Most of our day-to-day community struggles face this two-headed snake in its capitalist form: urban (and suburban) displacement. Because of the pressing demands of these community struggles that occupy our time and therefore often dominate our political perspectives, we talk and write a lot about gentrification, mass evictions, police brutality and harassment, poverty, and the rule of private property as a dehumanizing force in the lives of our communities. Yet, the work of frontline Indigenous leaders of the anti-extraction, anti-colonial struggle at #NODAPL has inspired us as we struggle with communities against the head of this connected, urban capitalist snake. From these mostly urban places in western Canada, on paved over but still embattled territories of the Coast Salish people, we declare that the fight to stop the Dakota Access pipeline is inseparable from our daily struggles. The fate of the water protectors at #NODAPL is the fate of our people.

nodapl_police-with-rubber-bullet-gunWater protection in a Sacrifice Zone

From the tar sands to mining tailings ponds to methylmercury poisoning resulting from mega-dams, environmental racism results in US and Canadian settler-states treating Indigenous communities as “sacrifice zones.” The DAPL’s proposed route crosses Standing Rock Oceti Sakowin lands specifically because residents of Bismarck, North Dakota, which is more than 90% white, spoke out against the pipeline going near their homes. Rather than cancel the pipeline, the Dakota Access company redirected it through a sacrifice zone.

What is currently happening at Standing Rock must be situated within a broad context and history. It also constitutes a specific and significant moment of conflict with colonialism, convergence between Indigenous nations, and solidarity from non-Native activists. As Nick Estes writes, “Camp Oceti Sakowin, Red Warrior Camp, and Sacred Stone Camp, the various Native-led groups standing in unity against DAPL, have brought together the largest, mass-gathering of Natives and allies in more than a century…. The prolonged peaceful encampment practices an unsettling counter-sovereignty. It has drawn the support and solidarity of more than 200 Native Nations and countless thousands of allied forces sending a clear message to corporate interests.”

Image credit: Adam Alexander Johansson
Image credit: Adam Alexander Johansson

Continuation of colonialism and the continuation of resistance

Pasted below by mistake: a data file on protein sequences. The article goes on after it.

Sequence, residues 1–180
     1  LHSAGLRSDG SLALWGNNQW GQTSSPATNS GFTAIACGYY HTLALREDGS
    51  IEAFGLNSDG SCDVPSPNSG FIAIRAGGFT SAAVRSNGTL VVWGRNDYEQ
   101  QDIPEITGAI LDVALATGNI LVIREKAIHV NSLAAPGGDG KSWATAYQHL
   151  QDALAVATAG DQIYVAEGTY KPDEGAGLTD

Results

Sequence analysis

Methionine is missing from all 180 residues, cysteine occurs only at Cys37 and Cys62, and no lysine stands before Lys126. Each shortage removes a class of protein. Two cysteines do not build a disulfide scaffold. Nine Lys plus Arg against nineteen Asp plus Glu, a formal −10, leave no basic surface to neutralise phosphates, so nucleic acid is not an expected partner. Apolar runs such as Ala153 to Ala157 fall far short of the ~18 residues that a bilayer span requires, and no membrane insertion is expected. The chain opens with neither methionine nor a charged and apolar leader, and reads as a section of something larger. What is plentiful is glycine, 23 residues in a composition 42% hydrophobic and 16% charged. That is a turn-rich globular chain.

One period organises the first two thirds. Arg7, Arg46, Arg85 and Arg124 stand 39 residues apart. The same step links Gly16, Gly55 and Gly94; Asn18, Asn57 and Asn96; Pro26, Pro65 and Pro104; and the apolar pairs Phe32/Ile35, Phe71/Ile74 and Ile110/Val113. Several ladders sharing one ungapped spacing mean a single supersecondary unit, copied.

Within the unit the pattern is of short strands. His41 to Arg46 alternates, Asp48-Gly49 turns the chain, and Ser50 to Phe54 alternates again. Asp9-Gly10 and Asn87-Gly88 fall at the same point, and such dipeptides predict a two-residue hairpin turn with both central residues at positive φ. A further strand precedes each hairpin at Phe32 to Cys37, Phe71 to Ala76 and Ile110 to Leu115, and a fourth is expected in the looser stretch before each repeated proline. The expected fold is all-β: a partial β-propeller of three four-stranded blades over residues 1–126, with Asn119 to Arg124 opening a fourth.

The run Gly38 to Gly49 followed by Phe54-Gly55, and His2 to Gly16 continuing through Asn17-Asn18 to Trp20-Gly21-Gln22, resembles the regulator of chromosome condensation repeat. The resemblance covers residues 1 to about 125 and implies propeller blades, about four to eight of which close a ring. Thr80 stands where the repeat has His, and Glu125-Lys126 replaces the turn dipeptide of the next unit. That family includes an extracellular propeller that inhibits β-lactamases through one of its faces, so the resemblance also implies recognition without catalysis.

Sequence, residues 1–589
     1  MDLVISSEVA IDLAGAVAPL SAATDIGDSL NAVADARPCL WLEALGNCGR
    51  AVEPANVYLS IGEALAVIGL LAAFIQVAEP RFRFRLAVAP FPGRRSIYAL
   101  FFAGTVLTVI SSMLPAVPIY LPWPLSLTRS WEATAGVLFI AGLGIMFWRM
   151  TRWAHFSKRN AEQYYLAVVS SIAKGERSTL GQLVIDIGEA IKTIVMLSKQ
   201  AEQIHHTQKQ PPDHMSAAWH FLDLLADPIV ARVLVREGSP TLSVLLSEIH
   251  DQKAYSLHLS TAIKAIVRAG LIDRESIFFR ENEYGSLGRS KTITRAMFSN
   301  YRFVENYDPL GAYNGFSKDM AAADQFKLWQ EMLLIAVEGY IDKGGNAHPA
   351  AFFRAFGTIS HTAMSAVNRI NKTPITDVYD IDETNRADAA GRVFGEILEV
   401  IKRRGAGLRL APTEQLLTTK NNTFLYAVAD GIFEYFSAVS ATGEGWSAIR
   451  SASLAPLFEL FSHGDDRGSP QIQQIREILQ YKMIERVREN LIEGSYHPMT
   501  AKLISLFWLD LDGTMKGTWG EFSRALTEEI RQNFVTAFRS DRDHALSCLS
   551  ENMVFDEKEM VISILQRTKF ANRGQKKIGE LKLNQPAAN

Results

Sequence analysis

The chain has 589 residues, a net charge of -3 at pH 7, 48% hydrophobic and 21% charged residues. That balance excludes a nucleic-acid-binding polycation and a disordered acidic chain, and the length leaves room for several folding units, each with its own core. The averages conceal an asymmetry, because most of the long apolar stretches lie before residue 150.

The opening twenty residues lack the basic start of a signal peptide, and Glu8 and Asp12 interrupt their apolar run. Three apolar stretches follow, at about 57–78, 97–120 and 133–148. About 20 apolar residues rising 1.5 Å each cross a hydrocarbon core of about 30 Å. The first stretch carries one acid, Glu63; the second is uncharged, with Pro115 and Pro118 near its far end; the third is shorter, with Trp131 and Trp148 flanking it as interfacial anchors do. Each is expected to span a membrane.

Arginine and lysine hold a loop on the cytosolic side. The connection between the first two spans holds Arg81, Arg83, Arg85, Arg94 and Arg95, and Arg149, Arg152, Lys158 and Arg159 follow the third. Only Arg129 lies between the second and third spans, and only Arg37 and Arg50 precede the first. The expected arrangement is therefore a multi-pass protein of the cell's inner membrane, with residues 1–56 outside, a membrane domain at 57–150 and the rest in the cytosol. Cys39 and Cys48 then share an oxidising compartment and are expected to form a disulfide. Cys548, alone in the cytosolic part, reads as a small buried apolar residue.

The state violence at Standing Rock is a continuation of colonialism, and the resistance against it must continue. We oppose the building of this pipeline and all others that would cross Indigenous territories without free, prior, informed consent. We oppose the police violence used against the people and against the land at Standing Rock. We support all water protectors and land defenders. We honour and thank those who are putting their lives on the line to save the land and Mni Soce.

We recognize and affirm that Mni Wiconi – Water is Life – is highly relevant where we live. The May 9, 2016 spill of 30,000L of diesel fuel in Plumper Bay continues to affect Lekwungen (Songhees and Xwsepsum/Esquimalt) people’s seafood harvesting and ceremonial activities. W̱SÁNEĆ nations (BOḰEĆEN/Pauqachin, SȾÁ,UTW̱/Tsawout, W̱JOȽEȽP/Tsartlip, and W̱SÍKEM/Tseycum) are dealing with the threat of a massive LNG plant floating in the Saanich Inlet, and Steelhead LNG’s interference in relationships between MALAXEt and W̱SÁNEĆ people. Multiple Coast and Straits Salish nations are fighting the proposed Kinder Morgan Trans Mountain pipeline expansion that would result in sevenfold increase in tanker traffic in the Salish Sea, including legal challenges by səl̓ílwətaʔɬ/Tsleil-Waututh and Sḵwx̱wú7mesh/Squamish nations. The tactics of land defense used at #NODAPL may be examples for struggles here, and the principled, Indigenous-led defense of the land set by defenders at the #NODAPL camps may influence our struggles here as well. We will continue to resist the continuation of colonial violence and accumulation.  

Our statement of solidarity with Standing Rock should also be read as a commitment by AAD to  deepen our work in struggling against colonialism and dispossession, and to continue building unity across communities against the twin evils of capitalism and colonialism.

For more information:

You might also like